We must reckon with the fact that lowering global emissions in line with climate scientists’ urgent warnings demands changes of a truly daunting speed and scale. Meeting science-based targets will mean forcing some of the most profitable companies on the planet to forfeit trillions of dollars of future earnings by leaving the vast majority of proven fossil fuel reserves in the ground. It will also require coming up with trillions more to pay for zero-carbon, disaster-ready societal transformations. And let’s take for granted that we want to do these radical things democratically and without a bloodbath, so violent, vanguardist revolutions don’t have much to offer in the way of road maps.
The crucial question we are left with, then, is this: has an economic shift of this kind ever happened before in history? We know it can happen during wartime, when presidents and prime ministers are the ones commanding the transformation from above. But has it ever demanded from below, by regular people, when leaders have wholly abdicated their responsibilities?
In the West, the most common precedents invoked to show that social movements really can be a disruptive historical force are the celebrated human rights movements of the past century – most prominently civil, women’s, and gay and lesbian rights. And these movements unquestionably transformed the face and texture of the dominant culture. But given that the challenge for the climate movement hinges on pulling off profound and radical economic transformation, it must be noted that for these movements, the legal and cultural battles were always more successful than the economic ones.
If there is an exception to this rule, it is the huge gains won by the labor movement in the aftermath of the Great Depression – the massive wave of unionization that forced owners to share a great deal more wealth with their workers, which in turn helped create a context to demand ambitious social programs like Social Security and unemployment insurance.
There have been social movements, however, that have succeeded in challenging entrenched wealth in ways that are comparable to what today’s movements must provoke if we are to avert climate catastrophe. These are movements for the abolition of slavery and for Third World independence from colonial powers. Both of these transformative movements forced ruling elites to relinquish practices that were still extraordinarily profitable, much as fossil fuel extraction is today.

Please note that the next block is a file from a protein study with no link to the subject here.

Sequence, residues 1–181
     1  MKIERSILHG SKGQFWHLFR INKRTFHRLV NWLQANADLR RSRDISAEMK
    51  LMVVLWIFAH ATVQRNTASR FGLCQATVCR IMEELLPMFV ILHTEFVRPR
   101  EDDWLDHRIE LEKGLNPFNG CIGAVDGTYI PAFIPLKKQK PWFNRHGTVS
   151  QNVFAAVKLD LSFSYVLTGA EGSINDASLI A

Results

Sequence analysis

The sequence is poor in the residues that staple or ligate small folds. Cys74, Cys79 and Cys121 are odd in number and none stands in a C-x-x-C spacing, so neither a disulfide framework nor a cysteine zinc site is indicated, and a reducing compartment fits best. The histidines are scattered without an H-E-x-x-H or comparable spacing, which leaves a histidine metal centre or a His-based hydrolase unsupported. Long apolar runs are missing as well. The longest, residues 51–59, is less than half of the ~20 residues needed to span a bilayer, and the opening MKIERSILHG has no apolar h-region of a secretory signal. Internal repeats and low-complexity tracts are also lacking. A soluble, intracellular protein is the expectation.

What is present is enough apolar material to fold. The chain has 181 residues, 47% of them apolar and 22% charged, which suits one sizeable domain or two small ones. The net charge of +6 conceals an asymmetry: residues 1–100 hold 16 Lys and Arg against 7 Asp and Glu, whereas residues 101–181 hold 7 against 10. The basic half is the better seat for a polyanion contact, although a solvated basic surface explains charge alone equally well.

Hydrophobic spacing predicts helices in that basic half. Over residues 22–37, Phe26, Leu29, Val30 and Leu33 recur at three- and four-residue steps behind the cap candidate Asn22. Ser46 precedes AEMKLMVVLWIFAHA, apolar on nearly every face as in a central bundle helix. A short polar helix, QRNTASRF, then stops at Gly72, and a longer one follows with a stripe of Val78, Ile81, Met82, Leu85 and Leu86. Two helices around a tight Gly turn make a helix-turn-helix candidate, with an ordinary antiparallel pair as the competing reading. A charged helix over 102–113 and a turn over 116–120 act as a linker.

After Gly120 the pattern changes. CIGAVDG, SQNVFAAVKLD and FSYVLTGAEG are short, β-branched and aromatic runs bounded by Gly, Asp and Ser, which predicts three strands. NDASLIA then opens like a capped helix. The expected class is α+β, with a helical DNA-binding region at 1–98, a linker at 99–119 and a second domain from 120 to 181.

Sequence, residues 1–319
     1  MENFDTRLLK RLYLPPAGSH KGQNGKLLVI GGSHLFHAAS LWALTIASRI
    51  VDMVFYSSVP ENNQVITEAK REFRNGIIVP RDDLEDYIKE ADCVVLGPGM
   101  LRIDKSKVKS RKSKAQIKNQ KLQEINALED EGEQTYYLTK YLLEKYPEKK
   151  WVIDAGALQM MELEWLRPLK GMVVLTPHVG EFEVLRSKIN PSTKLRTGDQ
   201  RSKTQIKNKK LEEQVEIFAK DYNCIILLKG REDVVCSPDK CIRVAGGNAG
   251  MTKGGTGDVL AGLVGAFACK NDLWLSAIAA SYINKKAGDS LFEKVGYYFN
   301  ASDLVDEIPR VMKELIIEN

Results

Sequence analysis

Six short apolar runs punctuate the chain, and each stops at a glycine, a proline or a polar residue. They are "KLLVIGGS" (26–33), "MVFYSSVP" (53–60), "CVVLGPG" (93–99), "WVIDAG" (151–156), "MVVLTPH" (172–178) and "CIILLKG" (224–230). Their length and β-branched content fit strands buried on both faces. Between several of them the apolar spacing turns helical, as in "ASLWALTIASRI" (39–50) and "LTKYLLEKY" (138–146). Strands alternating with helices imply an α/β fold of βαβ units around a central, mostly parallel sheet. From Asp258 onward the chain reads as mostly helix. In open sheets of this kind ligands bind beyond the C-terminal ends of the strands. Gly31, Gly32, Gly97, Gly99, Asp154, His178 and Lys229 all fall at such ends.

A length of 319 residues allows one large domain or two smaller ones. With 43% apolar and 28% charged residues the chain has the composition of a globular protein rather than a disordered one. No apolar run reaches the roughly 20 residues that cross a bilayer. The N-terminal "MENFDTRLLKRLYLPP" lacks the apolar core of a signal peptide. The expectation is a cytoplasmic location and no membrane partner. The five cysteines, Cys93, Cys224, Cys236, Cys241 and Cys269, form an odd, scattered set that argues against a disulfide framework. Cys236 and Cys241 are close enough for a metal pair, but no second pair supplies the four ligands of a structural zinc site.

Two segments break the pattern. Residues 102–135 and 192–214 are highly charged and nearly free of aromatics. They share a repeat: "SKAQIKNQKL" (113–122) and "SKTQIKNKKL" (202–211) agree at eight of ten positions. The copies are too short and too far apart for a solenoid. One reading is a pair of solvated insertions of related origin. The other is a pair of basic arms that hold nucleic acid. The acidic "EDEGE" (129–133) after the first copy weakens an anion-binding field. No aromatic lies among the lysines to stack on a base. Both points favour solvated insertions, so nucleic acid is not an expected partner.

All of this is why any attempt to rise to the climate challenge will be fruitless unless it is understood as part of a much broader battle of worldviews, a process of rebuilding and reinventing the very idea of the collective, the communal, the common, the civil, and the civic after so many decades of attack and neglect.
Fundamentally, the task is to articulate not just an alternative set of policy proposals, but an alternative worldview to rival the one at the heart of the ecological crisis – embedded in interdependence rather than hyperindividualism, reciprocity rather than dominance, and cooperation rather than hierarchy. This is required not only to create a political context for dramatically lower emissions, but also to help us cope with the disasters we can no longer avoid. Because in the hot and stormy future we have already made inevitable through our past emissions, an unshakable belief in the equal rights of all people and a capacity for deep compassion will be the only things standing between civilization and barbarism.